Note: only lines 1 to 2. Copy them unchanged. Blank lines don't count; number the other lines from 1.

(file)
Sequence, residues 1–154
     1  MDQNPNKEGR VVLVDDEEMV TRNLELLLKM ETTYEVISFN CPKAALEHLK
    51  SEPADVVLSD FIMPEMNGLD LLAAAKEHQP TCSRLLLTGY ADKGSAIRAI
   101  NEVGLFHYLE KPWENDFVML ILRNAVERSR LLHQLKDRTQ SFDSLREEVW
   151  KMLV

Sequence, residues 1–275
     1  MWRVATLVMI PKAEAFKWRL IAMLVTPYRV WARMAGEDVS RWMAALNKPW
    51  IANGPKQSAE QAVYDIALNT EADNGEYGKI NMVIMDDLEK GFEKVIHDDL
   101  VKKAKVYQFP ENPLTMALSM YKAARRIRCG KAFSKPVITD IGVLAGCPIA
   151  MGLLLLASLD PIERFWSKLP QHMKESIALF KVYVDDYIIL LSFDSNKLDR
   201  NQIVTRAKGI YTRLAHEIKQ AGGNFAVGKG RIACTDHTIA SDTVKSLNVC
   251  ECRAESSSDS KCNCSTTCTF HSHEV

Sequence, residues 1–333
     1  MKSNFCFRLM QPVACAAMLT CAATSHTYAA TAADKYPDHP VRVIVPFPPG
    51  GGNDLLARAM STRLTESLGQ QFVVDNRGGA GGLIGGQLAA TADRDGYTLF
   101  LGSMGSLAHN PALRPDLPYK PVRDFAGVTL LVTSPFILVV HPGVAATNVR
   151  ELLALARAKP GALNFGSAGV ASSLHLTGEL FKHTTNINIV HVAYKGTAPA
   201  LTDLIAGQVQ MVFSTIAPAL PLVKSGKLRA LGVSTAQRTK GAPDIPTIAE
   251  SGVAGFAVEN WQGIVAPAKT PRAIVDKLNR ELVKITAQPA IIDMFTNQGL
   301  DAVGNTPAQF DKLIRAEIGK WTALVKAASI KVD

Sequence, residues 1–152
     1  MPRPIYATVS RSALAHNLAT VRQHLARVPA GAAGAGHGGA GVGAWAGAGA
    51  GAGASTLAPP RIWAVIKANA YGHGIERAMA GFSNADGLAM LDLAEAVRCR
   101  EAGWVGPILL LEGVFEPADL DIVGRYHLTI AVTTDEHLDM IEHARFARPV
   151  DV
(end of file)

Sequence, residues 1–154
     1  MDQNPNKEGR VVLVDDEEMV TRNLELLLKM ETTYEVISFN CPKAALEHLK